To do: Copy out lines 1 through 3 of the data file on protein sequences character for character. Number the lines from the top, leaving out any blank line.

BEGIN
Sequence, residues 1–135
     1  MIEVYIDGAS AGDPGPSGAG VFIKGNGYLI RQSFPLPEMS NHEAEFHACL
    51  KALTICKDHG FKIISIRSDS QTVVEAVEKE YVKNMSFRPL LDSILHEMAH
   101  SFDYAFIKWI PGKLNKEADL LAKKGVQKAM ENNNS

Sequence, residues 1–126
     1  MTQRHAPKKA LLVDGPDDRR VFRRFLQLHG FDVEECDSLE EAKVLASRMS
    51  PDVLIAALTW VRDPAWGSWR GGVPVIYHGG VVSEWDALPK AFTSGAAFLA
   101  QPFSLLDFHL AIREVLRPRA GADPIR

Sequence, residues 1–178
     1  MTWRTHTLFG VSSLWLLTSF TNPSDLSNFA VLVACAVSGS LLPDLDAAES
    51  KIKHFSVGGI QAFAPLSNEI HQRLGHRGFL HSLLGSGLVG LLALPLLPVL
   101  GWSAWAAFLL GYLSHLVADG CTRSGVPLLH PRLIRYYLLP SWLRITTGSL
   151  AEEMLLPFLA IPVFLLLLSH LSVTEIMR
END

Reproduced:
Sequence, residues 1–135
     1  MIEVYIDGAS AGDPGPSGAG VFIKGNGYLI RQSFPLPEMS NHEAEFHACL
    51  KALTICKDHG FKIISIRSDS QTVVEAVEKE YVKNMSFRPL LDSILHEMAH